That's not correct. Like I said, I came here less than two years ago. Before then, a lot of things were accumulating in terms of road maintenance. The governor took the bull by the horn and then bought these equipments and charged ARMA to move. Again, there is a direct relationship between the development of the state with the volume of vehicles that come into the state and therefore, the tyre loads on the roads are gradually increasing with the volume of economic activity going on in the state. But we're catching up with the potholes. I will also mention to you that during the rainy season, the tempo slows down because you can hardly do asphalting during the rainy season and that's the worst period for the roads. If a little pothole forms on the road during the rainy season and you're not able to put asphalt on it, as soon as vehicles ply it, it widens because it's wet and weak. That's a natural thing. You find out that during the dry season, we quickly try to catch up on those things and try to fix as much as we can. It's going to take a while. Even if we work 24hours a day, it's going to be impossible to finish patching up the potholes in the state in even one or two years. That's why we're now expanding. When these other equipments that I talked about come in, we would now be able to have three teams working in each of the senatorial zones simultaneously. Right now, we have one team working simultaneously in each zone but all that will change when our equipments arrive because we would have three teams working for each zone and a dedicated team working in Awka. This will be a much faster way to fix the bad sections of the road.
senatorial zones simultaneously. Right now, we have one team working simultaneously in each zone but all that will change when our equipments arrive because we would have three teams working for each zone and a dedicated team working in Awka. This will be a much faster way to fix the bad sections of the road.

Very recently, the Umuawulu Bridge caved in. It's an issue I'm really interested in. kindly give a situation report of it.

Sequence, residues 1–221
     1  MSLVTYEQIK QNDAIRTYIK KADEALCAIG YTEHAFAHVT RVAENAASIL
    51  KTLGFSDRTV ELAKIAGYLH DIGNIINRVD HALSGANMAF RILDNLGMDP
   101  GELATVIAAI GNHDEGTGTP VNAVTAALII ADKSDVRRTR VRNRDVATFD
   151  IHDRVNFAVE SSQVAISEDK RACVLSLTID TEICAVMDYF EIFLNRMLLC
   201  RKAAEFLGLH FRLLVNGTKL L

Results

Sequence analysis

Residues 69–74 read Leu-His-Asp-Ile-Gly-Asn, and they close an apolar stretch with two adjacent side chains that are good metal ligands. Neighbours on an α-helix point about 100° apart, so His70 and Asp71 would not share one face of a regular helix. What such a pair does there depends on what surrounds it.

On Tuesday morning, we were alerted that the bridge collapsed, but I'll tell you what really happened. There is a culvert at that section and we found out that there was heavy rain the night before. We found out that water had started going underneath the culvert and not just through the culvert which means that it has washed off the sand underneath the culvert. So, with water now passing underneath the culvert, it got access to the adjourning sides of the two culverts. So, naturally, laterite is weak with water. So, gradually, that water from underneath the culvert started washing away the sand at the side of the culvert and when a reasonable quantity had been washed off, of course nothing was holding the ones on top, hence the collapse. So, that was what happened. The culvert is still there. This happened on Tuesday morning and His Excellency directed we should go immediately and do some palliative work there to open up the road, because it's a very important road that leads from Nibo to Umuawulu to Mbaukwu, to Awgbu to Orumba North and South, so, it's a very major link road. So, it happened on Tuesday and on Wednesday, we mobilized. We got the team of engineers, visited the site, came back to the office, looked at it and analysed it and agreed on a solution and the solution is this: we are going to use sandbags to fill up that area that has washed out because if you put ordinary sand there, it is still raining heavily and the water still passes there and will wash it out again. So, the jumbo sandbag is filled with sand and we're going to put hard core stones on top so it won't wash off because it is captured inside the bag. Then we now put some sand and concrete on the road just to make it motorable so we open up the roads. We are however going to create an artificial culvert with a forty foot container and then bury it on the other side of the culvert that's didn't collapse. We will cut the road there, bury the forty foot container there and divert the water that is going through the culvert to start passing through the container. After that, we will free the culvert of water. Then we can properly investigate what has happened underneath the culvert and how to build the bridge proper because with the water going there, we can't do much. Once we bury the container, we will allow vehicles and pedestrians to keep going through it. Between Wednesday, Thursday and Friday, we were worked on it, by Saturday evening, we had opened the road. So within 72 hours, vehicles had started passing through and this is work in progress. We will also stabilize the top of the fillings with the lumps we are given this morning so that the vehicular movement will be a lot easier. Thankfully, it is open to traffic as we speak. This week we will go into that container operation I talked about and then, divert the water into the container and then properly investigate on what happened in the culvert and make sure that it is still structurally stable. If it structurally fails, we will bring it down and do a fresh culvert there. If it hasn't failed, there'll be techniques we can use to stabilize it and fill the underneath part and properly treat the mouth of the culvert, so that water can properly pass through the culvert not under it. If that is done, depending on the result of our investigation, we will divert the water back to the culvert and exhume the container again and fill up that place.